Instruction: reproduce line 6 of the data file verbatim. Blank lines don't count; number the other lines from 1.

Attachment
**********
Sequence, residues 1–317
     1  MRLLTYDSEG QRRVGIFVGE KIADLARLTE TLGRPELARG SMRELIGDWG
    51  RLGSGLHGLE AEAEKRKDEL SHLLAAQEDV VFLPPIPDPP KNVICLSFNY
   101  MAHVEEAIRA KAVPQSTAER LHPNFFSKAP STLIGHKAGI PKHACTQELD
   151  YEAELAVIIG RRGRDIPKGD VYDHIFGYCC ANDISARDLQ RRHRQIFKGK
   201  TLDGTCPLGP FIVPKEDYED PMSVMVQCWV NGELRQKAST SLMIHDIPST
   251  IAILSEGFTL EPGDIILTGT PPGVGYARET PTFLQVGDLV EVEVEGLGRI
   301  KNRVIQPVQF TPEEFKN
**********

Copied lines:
   201  TLDGTCPLGP FIVPKEDYED PMSVMVQCWV NGELRQKAST SLMIHDIPST